When It Comes To Late-Night, I’m Sticking With Coco

Despite Conan O’Brien Moving to Cable Network TBS, Loyal Fans Will Follow the Funny


Published: April 22, 2010

News of Conan O’Brien’s recent move to TBS has left even the late-night talk show host’s most devoted fans scratching their heads. The comedian’s shift from network to cable television comes nearly three months after his dismissal as host of NBC’s “Tonight Show,” during which time rumors of a potential deal between O’Brien and FOX quickly surfaced but later fizzled.

Reports of a five-year agreement between O’Brien and TBS ensure that the beloved redhead will entertain television viewers through at least 2015, unless of course Jay Leno claims O’Brien’s new program for his own. But the question on almost everyone’s mind still remains: why TBS?

The way I see it, why not?

TBS’s slogan, “Very Funny,” represents a significant push by the network to air primarily, if not strictly, comedic programming. O’Brien’s new show, set to air as early as November, will precede George Lopez’s still-infant “Lopez Tonight,” which premiered last fall. The network appeals to television comedy fans abound, continuously airing re-runs of syndicated sitcoms such as “Seinfeld,” “Friends,” “The Office,” “Home Improvement,” “Family Guy” and “Everybody Loves Raymond,” just to name a few.

O’Brien will join “Lopez Tonight,” alongside Tyler Perry’s “Meet the Browns” and “House of Payne” as TBS’s only four original programs.  Despite that, the network has managed to garner consistently large audiences recently, a clear result of new marketing and programming schemes. According to Nielsen, for the first quarter of 2010, TBS ranked second in average primetime viewership among cable networks in both the 18-34 and 18-49 demographics, behind only the USA Network. Last month specifically, TBS was first among 18-34 year olds in primetime viewing, averaging just fewer than 600,000 viewers per night.

Regardless of these trends, which will have a profound impact on TBS’s late-night viewership, skeptics like The Washington Post’s Paul Farhi argue that FOX would have been a more ideal location for O’Brien.  Granted, not everyone owns cable television, and therefore the potential for greater viewership comes via the basic networks. But comedy has hardly been FOX’s strong suit since the end of “That ’70s Show” in 2006.  New episodes of “Family Guy” and “The Simpsons” headline the network’s self-proclaimed “Animation Domination,” but whether FOX can produce a new, live-action sitcom success remains to be seen.

Just look at FOX’s disastrous past decade in sitcom programming.  “Back to You,” starring Emmy-award winners Kelsey Grammer and Patricia Heaton, was canceled in 2008 after just 14 episodes; Pamela Anderson’s “Stacked” (2005-06) was also dumped after 14 episodes; “Method and Red” (2004) was dropped after nine; “That ’80s Show” (2002) was terminated after 13 shows, 187 less than its “70s” predecessor; and “The Return of Jezebel James” had a particularly weak three-episode run in 2008. Arguably the network’s most entertaining comedy of the 2000s, “Arrested Development” (2003-06), was shamefully canceled after just three seasons.

FOX’s target audience doesn’t suit O’Brien, either. “American Idol,” the network’s most-watched program, appeals primarily to teenagers and pre-teens, neither of which have a strong enough impact on late-night ratings to help O’Brien compete with Leno and David Letterman. Not to mention FOX will be undergoing severe programming changes in the near future. “Idol” judge Simon Cowell will not be returning to the show after this season. Action-packed thriller “24” is also in its final hours, counting down to the series finale.  Despite the tremendous success of “Glee,” FOX is an otherwise adult network of dramas like “Bones,” “House” and “Fringe.” Ironically, it was the network’s hesitancy to cut ties with late-night “Seinfeld” re-runs that stalled and ultimately shut down negotiations with O’Brien.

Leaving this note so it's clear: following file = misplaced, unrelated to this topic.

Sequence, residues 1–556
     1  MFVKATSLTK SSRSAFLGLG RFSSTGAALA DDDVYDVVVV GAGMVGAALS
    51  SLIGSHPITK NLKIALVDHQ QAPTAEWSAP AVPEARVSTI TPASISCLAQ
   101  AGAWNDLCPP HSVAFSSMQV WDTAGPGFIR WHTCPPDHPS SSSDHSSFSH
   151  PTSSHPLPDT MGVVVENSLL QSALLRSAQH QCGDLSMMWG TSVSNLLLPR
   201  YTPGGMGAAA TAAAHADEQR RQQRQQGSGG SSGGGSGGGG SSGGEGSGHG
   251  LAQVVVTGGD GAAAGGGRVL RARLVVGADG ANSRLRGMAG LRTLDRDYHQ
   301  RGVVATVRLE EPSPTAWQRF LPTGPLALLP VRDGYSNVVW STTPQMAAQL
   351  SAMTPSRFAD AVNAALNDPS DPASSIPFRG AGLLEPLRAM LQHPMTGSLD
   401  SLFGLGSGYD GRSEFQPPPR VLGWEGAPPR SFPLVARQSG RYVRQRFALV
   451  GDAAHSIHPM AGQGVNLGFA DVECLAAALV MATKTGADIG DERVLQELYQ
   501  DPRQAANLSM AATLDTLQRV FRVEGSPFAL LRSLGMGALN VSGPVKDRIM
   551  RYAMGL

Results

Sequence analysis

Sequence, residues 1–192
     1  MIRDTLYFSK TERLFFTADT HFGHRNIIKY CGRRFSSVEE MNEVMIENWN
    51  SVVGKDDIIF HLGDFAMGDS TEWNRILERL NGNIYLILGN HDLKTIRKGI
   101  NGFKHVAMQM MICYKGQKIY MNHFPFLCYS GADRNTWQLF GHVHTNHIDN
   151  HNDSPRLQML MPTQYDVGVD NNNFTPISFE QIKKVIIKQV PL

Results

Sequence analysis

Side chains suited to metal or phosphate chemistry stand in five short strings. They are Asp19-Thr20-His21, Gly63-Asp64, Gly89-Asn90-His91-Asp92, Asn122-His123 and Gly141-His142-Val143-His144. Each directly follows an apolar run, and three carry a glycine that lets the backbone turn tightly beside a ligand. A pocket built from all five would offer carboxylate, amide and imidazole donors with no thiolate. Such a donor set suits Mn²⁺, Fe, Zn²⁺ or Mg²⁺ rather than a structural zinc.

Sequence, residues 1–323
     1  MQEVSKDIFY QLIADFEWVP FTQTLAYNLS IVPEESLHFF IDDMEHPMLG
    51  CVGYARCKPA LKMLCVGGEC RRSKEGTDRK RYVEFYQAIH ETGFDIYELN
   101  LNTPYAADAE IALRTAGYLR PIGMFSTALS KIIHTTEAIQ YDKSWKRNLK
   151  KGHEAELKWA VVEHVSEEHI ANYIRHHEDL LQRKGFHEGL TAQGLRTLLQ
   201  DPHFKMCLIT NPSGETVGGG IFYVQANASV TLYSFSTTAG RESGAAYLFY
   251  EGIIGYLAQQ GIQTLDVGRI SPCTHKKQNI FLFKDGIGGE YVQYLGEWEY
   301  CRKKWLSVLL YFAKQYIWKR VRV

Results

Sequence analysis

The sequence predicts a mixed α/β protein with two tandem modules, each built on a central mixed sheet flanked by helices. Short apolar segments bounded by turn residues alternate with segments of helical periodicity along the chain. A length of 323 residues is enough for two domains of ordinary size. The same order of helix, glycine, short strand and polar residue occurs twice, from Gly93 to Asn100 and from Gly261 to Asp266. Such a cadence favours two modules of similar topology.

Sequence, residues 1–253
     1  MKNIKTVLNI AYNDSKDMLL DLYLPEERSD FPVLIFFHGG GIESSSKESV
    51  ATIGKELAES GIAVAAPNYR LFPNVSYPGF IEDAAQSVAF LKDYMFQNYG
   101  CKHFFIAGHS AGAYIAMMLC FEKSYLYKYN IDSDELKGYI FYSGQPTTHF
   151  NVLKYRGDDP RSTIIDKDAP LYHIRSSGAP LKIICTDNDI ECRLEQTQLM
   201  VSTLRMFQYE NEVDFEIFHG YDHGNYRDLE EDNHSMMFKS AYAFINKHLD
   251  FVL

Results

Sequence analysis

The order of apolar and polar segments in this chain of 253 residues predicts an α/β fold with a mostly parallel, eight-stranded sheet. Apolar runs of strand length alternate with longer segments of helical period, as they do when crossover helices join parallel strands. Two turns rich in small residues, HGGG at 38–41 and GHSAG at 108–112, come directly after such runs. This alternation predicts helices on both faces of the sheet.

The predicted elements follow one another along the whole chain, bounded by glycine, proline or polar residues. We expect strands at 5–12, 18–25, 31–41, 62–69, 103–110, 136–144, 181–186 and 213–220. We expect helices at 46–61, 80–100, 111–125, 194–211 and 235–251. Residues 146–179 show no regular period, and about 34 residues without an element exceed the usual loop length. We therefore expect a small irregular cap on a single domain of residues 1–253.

In “Lopez Tonight” and both Tyler Perry sitcoms, TBS has made tremendous strides towards increasing its ethnic viewership. After all, many of the acclaimed sitcom re-runs the network airs, center on well-off Caucasians in the “big city,” such as “Sex and the City.” “House of Payne,” featuring an African-American family in suburban Atlanta, is currently in its sixth season and under contract for at least 25 more episodes through next year. “Meet the Browns,” already made into both a musical and a film by Perry, has aired 74 episodes since its debut last year.

Lopez became the first Mexican-American to host a late-night talk show for an English-speaking network in the U.S. when he debuted last November. Now joining him is arguably the late-night host of our generation—a quirky, red-haired jokester whose appeal to college students has never been greater. But in changing venues, O’Brien also changes competition. His new late-night gig will air opposite Comedy Central’s “The Daily Show with Jon Stewart” and “The Colbert Report,” as well as ESPN’s “SportsCenter.” Competing with these already highly viewed and admired programs will be O’Brien’s greatest challenge, particularly considering that O’Brien and Stewart share many of the same viewers.

Now that O’Brien has escaped the clutches of NBC tyranny, his creative genius can once again be free. Free, that is, from network rule, especially having been given both creative control by TBS and the added bonus of far lesser censorship in the world of cable. It’s now up to Conan to embrace this new venture and pave a new road in late-night television history. Whether or not November spells the beginning of the end for O’Brien, he made the best choice in TBS, and as I’ve vowed time and time again—wherever Coco goes, I’ll be there.